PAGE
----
There’s a scene in this story where one character states that another character ‘turned’ them into a monster. The utter lack of acceptance of their own choices, and the consequences of those actions is, frankly, fascinating and terrifying. This one moment tells you everything you need to know about how every character in the story ends up where they do.
Working backwards from the end we meet Harry, Katie and Sam. All three are trying to get something out of life. Stuck in a city that’s drowning in corruption on all fronts they are on various levels of the class system, yet all are intricately tied together, in ways that don’t realize. Only one, however, takes the best opportunity of all the terrible options in front of them, and actually uses it to improve their life instead of delivering more evil into the world. As for the other two…well, you’ll see.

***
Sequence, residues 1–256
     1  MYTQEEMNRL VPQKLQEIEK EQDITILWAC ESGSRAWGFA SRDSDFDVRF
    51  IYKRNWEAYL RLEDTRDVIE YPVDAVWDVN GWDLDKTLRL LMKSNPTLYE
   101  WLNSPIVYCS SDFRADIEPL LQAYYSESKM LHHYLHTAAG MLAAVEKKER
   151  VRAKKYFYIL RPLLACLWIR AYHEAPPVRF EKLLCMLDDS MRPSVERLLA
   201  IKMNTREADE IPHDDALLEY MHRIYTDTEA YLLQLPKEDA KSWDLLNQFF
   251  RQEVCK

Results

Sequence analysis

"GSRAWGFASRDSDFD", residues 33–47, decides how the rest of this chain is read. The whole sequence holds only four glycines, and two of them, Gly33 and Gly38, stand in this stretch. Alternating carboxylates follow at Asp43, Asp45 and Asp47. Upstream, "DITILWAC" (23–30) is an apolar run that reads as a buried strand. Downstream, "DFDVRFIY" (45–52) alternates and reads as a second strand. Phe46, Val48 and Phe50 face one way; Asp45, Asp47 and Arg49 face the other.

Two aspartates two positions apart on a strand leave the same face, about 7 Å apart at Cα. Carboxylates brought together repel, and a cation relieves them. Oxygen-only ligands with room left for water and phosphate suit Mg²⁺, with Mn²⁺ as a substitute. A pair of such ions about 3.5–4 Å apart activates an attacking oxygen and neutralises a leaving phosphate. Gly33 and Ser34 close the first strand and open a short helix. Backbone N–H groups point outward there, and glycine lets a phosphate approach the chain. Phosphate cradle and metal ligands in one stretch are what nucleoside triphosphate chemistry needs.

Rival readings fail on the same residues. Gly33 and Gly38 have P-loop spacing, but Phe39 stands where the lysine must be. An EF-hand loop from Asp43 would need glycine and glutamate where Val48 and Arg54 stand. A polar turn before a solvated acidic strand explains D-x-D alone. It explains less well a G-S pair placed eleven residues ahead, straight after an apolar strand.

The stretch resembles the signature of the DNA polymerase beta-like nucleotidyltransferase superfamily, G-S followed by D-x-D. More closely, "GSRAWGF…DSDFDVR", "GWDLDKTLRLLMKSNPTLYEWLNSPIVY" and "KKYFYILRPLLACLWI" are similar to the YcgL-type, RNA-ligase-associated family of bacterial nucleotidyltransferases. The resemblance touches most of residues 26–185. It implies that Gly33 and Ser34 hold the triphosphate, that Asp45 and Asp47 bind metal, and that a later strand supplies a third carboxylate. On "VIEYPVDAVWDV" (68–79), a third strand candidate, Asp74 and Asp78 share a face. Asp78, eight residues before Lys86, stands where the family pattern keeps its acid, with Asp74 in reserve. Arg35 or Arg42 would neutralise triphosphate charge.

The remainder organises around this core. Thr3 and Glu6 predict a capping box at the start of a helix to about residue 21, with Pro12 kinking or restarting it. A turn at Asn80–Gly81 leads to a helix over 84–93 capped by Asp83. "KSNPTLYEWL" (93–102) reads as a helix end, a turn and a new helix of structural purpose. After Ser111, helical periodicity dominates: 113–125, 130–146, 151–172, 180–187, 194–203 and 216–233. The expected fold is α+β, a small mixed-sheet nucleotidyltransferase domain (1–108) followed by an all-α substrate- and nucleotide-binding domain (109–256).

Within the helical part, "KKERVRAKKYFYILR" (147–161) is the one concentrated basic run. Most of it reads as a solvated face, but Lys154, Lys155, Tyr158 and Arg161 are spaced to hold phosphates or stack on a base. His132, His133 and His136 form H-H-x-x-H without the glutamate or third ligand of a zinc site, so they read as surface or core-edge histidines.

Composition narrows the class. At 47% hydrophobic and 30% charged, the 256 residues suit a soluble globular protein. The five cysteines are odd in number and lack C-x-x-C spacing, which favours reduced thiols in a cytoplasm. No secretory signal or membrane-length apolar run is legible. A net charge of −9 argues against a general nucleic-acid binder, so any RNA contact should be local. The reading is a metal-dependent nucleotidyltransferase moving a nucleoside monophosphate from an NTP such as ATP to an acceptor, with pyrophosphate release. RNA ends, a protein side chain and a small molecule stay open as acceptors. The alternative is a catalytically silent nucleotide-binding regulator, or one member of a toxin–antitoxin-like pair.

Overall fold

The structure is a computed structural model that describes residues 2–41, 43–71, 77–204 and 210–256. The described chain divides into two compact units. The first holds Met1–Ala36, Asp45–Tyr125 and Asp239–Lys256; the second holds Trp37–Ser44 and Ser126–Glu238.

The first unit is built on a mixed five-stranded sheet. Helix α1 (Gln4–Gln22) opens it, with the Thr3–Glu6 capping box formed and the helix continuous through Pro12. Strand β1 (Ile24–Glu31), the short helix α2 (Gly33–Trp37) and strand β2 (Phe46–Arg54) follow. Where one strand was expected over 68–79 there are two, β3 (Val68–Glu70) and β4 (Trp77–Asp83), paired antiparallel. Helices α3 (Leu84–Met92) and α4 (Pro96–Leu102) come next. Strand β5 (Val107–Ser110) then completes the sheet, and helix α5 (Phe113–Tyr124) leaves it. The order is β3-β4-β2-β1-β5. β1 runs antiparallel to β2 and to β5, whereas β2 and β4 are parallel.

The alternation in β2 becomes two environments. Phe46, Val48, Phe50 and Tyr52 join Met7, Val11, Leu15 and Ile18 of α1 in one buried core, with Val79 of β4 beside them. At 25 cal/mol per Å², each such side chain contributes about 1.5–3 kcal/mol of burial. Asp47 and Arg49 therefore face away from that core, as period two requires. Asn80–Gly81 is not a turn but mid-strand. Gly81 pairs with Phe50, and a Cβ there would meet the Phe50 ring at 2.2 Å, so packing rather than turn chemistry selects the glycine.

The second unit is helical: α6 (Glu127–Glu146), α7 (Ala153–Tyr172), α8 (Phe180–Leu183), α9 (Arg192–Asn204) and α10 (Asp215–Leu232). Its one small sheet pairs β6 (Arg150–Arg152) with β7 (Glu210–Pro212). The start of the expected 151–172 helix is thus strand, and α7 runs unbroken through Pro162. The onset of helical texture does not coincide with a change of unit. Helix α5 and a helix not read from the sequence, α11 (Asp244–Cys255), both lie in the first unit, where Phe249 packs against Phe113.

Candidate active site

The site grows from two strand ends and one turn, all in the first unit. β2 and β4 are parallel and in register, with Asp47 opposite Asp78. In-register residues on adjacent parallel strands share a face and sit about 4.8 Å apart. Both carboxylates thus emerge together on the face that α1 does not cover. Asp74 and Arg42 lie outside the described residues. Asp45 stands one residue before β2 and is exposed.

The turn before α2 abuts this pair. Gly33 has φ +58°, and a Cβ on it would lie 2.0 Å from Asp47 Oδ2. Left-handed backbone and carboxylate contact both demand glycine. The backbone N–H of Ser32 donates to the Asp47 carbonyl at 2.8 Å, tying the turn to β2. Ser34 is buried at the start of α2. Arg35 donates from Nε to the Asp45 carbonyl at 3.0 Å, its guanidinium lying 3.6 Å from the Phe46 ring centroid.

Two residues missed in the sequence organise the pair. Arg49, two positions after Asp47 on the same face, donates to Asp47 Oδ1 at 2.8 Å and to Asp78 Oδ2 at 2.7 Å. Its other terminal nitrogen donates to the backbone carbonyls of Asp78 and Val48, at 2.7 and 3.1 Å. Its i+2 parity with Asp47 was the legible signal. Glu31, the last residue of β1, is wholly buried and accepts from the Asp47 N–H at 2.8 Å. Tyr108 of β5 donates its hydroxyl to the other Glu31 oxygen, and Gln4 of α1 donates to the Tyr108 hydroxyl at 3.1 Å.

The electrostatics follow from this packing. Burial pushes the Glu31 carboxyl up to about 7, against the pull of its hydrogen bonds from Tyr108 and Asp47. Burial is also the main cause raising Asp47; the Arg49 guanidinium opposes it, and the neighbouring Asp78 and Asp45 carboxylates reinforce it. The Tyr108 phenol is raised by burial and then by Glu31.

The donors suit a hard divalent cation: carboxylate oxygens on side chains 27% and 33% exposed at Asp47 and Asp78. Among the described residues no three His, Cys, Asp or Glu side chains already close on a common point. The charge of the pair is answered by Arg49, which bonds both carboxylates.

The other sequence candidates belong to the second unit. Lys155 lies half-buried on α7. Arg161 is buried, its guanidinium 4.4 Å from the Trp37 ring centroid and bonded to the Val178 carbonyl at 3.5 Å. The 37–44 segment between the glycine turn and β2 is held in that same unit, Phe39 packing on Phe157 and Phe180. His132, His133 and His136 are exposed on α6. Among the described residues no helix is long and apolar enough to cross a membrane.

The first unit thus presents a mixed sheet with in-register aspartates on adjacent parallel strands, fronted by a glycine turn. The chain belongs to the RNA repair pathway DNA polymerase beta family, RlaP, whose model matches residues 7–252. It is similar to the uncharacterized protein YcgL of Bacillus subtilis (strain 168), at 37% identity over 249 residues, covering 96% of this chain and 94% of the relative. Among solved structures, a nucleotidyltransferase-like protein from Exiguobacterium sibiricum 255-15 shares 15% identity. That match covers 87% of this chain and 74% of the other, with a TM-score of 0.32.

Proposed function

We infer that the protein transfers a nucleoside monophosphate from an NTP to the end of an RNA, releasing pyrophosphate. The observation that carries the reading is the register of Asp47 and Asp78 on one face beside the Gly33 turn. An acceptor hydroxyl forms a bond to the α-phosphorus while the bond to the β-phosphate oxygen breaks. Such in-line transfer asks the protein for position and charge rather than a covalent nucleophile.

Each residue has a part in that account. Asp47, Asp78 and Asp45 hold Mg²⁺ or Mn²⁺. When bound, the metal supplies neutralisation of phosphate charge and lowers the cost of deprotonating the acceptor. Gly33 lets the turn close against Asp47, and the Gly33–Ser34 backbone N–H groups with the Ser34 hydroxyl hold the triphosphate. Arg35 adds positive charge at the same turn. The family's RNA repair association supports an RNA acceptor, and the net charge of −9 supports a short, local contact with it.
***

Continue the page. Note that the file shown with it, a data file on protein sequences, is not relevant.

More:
Pezhmann Mokary delivers an interesting noir book, which very much has the feel of an old Humphrey Bogart film. There were times my mind automatically placed actors in the roles of the characters of the story or saw how each panel could be framed if this story became live action. Which brings us to the art. At first I was put off by the artwork in this story, as at times it comes off sloppy and amateurish, however one of the things I truly did appreciate about the work is that the characters could be of any race or background due to the style of art. The lack of finish actually allows you to just be in the story itself. There is no added anything, no unnecessary panels. Each one tells an efficient story in itself, whether a character is in the scene or not.
Overall this is a dark book that ends the only way it could, giving us a wonderful study in relationships, lies and choice.
Four Seagulls out of Five